Chicken soup for the investor?
My years as a financial advisor have given me insight into the complex relationships between investors and the ever-changing financial markets.
While I do not present the following principles as immutable laws, I want to share them with you as you savor a cup of coffee this morning (or maybe down a bowl of chicken soup) over what you hear on the news — up, down — about the current financial markets that resemble roller coasters.
They have guided me well.
· People don't invest to become rich. They invest so they don't become poor. Individuals invest in stocks to keep up with the rate of inflation. Bonds and cash will not allow you to keep up.
· People won't fault a financial advisor who gets them 1 percent less on their investments. However, they will fault an advisor if he or she loses their money. A portfolio manager told me that years ago. The sound and passion in her voice has always stayed with me.
· High fees and expenses will eat into your returns and, thus, your nest egg. Most people are not aware of all the fees associated with investing. Pay attention to the fees and make sure they are in line with the averages.
· Having to pay taxes should not prevent you from selling a stock. Let's assume that you bought a stock for $50, and 14 months later it was worth $100, but you decide to hold it and forgo the $50 profit (minus $10 in capital gains tax.)
If the stock then drops by 10 percent, to $90, and the capital gains rate is 20 percent, you'll now make only $32 profit. How many people wish they had paid the taxes in the first place?
· Most people underestimate how long they will live after retiring and how much money they will need. Increased longevity has had a major impact on retirement planning. I've often defined a failed retirement as running out of money before running out of time.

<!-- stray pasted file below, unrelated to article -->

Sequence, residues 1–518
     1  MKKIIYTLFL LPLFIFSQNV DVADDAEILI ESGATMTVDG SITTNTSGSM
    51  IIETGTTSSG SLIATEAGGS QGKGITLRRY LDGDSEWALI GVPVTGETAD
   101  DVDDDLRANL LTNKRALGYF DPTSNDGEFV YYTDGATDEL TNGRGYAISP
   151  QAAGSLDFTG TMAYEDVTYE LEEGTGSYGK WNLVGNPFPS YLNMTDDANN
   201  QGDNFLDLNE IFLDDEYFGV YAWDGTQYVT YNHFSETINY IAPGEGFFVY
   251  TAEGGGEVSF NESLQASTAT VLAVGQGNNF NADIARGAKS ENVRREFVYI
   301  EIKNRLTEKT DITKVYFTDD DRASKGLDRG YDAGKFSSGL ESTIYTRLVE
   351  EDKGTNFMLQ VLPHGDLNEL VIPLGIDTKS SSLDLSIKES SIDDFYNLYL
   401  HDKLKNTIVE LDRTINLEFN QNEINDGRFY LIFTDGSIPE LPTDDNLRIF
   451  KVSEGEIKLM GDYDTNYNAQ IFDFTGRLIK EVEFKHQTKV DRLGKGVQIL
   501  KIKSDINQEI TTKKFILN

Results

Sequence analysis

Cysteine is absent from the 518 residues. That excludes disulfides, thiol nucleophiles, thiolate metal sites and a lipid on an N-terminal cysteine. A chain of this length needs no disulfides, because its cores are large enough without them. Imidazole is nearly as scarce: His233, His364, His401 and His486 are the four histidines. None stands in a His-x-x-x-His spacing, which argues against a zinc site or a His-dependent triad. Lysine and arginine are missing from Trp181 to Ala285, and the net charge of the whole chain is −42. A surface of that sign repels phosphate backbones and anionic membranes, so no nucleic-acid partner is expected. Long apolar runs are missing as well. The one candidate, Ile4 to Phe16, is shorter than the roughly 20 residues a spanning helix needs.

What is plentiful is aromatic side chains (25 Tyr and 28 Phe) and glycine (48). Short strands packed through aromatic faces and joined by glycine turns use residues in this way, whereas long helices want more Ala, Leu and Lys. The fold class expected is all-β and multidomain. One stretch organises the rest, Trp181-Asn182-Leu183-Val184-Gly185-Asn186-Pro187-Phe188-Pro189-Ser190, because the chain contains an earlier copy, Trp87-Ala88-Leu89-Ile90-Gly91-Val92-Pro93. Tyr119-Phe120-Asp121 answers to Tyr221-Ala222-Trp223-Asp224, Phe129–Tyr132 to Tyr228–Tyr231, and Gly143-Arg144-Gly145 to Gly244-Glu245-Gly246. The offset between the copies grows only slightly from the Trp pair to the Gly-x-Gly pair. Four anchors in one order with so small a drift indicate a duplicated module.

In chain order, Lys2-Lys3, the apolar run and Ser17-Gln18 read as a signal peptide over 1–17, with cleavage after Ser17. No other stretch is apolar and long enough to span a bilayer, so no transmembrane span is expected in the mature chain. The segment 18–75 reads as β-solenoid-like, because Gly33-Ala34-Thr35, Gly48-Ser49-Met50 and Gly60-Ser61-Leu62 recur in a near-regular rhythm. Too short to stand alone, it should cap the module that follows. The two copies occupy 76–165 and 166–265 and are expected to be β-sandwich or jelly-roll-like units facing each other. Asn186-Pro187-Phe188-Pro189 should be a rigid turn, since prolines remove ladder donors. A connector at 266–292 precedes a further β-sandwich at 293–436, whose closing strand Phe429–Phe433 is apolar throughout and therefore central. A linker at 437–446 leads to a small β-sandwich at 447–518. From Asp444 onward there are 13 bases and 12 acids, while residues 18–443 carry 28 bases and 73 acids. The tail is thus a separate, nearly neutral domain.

· Emotions — not logic — often influence investment decisions. Fear leads to panic, and panic leads to the inability to distinguish between a temporary and a permanent decline in portfolio value. Voices of reason, such as "Stay the course" and "I'm in it for the long term," often yield to impulsiveness to sell.
· Don't constantly look up your account balance. You wouldn't pull up your plants every day to check on the roots, now, would you?
· Your investment decisions should be based on careful analysis of your time horizon, risk tolerance, expected return and asset allocation preference. If a salesman starts fishing around and talks about investments before addressing these issues with you, it is important that you remember: Don't take the bait.
It is never too late to start saving and planning for retirement. The key is to get started and have a plan.
These principles may not revolutionize the financial world (or even make the best-seller list). However, they have withstood the test of time.
Michael L. Schwartz, RFC, CFS, CSA, is an investment advisory representative of First Allied Securities, Inc., and president of a Jenkintown-based wealth-management firm.